Picture map of Europe with pins indicating European capital cities

Open Access research with a European policy impact...

The Strathprints institutional repository is a digital archive of University of Strathclyde's Open Access research outputs. Strathprints provides access to thousands of Open Access research papers by Strathclyde researchers, including by researchers from the European Policies Research Centre (EPRC).

EPRC is a leading institute in Europe for comparative research on public policy, with a particular focus on regional development policies. Spanning 30 European countries, EPRC research programmes have a strong emphasis on applied research and knowledge exchange, including the provision of policy advice to EU institutions and national and sub-national government authorities throughout Europe.

Explore research outputs by the European Policies Research Centre...

Optimization of a bio-inspired sound localization sensor for high directional sensitivity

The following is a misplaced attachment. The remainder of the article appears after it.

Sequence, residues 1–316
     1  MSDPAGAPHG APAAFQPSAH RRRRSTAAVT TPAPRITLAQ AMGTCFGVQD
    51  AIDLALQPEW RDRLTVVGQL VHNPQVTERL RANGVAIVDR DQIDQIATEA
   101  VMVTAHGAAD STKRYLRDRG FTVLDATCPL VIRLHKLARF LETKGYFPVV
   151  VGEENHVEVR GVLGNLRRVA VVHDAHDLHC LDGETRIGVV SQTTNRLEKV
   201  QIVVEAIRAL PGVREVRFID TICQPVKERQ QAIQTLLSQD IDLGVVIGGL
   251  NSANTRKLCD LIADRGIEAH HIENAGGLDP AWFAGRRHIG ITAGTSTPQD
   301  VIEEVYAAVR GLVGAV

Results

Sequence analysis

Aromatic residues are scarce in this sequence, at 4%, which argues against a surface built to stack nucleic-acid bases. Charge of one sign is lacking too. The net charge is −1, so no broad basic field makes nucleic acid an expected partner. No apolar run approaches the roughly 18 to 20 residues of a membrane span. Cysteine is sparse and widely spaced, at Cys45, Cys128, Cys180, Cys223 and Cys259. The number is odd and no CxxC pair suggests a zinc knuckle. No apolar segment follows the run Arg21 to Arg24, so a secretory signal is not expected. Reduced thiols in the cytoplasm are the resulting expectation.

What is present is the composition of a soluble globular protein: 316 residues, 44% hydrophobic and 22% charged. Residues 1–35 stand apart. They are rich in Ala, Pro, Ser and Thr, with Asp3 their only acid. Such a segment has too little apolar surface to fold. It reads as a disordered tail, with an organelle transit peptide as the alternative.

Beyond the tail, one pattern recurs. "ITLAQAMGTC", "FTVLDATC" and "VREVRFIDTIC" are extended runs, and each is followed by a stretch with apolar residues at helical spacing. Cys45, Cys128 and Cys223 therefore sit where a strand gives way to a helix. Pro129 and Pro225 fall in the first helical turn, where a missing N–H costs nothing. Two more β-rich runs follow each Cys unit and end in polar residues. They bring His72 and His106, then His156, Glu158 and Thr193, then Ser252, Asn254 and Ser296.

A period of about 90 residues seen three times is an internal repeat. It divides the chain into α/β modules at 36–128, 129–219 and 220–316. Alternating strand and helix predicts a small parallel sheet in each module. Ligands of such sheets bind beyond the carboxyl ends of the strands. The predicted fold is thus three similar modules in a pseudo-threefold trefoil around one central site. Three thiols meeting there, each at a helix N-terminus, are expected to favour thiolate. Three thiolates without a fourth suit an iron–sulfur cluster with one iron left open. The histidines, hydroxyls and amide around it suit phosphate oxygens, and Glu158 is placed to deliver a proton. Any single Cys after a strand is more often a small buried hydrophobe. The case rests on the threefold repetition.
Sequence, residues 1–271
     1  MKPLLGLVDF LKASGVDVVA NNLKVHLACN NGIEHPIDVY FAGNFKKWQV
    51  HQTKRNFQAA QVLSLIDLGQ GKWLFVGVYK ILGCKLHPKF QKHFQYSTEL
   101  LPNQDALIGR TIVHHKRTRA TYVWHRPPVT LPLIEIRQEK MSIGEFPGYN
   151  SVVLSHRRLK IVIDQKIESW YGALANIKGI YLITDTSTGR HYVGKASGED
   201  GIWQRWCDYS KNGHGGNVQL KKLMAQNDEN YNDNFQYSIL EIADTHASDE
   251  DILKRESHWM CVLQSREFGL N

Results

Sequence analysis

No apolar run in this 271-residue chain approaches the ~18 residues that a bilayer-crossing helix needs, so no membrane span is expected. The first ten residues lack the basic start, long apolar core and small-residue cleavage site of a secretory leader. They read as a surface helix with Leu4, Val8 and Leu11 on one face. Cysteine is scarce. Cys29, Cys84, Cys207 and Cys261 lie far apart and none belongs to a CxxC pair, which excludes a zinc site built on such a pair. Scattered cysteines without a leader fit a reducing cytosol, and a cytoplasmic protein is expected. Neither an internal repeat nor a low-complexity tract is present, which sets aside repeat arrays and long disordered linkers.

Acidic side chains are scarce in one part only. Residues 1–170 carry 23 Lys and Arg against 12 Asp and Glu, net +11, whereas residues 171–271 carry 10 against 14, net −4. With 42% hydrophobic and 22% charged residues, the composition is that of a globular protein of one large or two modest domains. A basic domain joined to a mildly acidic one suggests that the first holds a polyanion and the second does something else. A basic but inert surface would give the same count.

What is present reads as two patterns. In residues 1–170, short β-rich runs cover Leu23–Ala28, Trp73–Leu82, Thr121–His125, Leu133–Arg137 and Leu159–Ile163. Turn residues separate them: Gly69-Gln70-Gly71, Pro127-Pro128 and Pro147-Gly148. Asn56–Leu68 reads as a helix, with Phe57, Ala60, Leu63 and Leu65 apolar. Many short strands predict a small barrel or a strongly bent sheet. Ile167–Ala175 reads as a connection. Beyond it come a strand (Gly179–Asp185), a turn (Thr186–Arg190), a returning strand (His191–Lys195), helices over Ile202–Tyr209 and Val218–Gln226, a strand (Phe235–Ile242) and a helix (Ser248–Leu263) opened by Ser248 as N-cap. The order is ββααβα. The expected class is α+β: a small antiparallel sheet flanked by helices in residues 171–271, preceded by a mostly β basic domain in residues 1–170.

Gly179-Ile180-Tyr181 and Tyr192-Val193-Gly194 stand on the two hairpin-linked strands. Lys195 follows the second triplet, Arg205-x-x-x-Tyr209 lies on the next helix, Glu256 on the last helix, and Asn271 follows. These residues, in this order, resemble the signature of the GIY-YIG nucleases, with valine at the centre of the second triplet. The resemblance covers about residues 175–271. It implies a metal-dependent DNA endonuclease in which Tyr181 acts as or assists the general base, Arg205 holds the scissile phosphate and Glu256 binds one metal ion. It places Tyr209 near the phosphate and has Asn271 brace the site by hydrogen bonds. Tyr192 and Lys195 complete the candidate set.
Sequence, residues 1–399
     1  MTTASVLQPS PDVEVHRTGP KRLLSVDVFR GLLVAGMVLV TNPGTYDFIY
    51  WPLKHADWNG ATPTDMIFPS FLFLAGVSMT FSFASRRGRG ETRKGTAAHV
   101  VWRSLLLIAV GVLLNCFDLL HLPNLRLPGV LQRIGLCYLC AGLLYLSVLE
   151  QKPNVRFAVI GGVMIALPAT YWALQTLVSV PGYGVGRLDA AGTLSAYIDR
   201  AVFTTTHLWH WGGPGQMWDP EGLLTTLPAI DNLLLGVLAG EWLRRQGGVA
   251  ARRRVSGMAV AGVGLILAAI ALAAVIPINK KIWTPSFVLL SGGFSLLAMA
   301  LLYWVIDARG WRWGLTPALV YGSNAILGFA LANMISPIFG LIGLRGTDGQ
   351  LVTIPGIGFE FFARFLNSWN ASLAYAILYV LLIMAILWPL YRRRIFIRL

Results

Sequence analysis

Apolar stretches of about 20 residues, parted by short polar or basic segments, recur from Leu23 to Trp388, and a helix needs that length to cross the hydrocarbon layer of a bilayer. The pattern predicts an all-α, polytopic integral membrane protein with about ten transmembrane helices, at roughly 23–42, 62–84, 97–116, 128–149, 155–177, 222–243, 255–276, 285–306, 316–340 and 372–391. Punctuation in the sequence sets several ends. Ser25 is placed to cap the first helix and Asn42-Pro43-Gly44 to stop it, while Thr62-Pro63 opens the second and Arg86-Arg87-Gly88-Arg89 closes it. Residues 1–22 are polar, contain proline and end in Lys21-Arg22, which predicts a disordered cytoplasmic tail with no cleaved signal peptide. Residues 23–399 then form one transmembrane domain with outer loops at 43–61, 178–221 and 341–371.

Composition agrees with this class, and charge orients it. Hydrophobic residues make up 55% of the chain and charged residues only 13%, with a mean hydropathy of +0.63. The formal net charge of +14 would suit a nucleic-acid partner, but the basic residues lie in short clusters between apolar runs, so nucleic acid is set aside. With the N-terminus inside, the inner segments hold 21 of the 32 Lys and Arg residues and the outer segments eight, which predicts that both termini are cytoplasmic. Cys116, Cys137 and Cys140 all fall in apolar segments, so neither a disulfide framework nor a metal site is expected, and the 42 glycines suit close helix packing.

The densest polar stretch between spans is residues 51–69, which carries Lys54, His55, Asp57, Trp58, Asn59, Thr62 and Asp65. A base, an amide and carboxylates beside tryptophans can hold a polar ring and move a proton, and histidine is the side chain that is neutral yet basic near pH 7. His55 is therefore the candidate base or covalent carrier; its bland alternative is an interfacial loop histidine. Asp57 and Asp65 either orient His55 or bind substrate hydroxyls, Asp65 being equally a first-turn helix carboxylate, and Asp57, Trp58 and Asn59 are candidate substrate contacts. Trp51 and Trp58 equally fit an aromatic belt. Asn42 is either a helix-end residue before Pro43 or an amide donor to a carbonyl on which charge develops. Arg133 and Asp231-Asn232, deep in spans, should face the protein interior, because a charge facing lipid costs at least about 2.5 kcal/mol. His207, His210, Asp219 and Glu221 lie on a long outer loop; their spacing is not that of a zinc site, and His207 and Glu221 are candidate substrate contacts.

Reid, Andrew and Uttamchandani, Deepak and Windmill, James F. C. (2015) Optimization of a bio-inspired sound localization sensor for high directional sensitivity. In: Sensors, 2015 IEEE. Institute of Electrical and Electronics Engineers Inc., Piscataway, pp. 1-4. ISBN 9781479982028

[img]
Preview
Text (Reid-etal-Sensors2016-Optimization-of-a-bio-inspired-sound-localization-sensor)
Reid_etal_Sensors2016_Optimization_of_a_bio_inspired_sound_localization_sensor.pdf - Accepted Author Manuscript

Download (796kB) | Preview

Abstract

Miniaturization of sound localization sensors arrays is heavily constrained by the limited directional cues in intensity difference and phase difference available at the microscale. Micro-Electro Mechanical System (MEMS) sound localization sensors inspired by the auditory system of Ormia ochracea offer a potential solution to this problem by the apparent amplification of the available intensity and phase difference between the measurement points. An inherent limitation of these existing systems is that significant amplification of these cues is only available at or close to one of the resonant frequencies of the device, severely limiting it application as a directional microphone. Here we present the process of optimization of a sound localization sensor for the maximum amplification of directional cues across a narrow bandwidth, increasing the signal to noise ratio and the reading accuracy for sound localization measurements.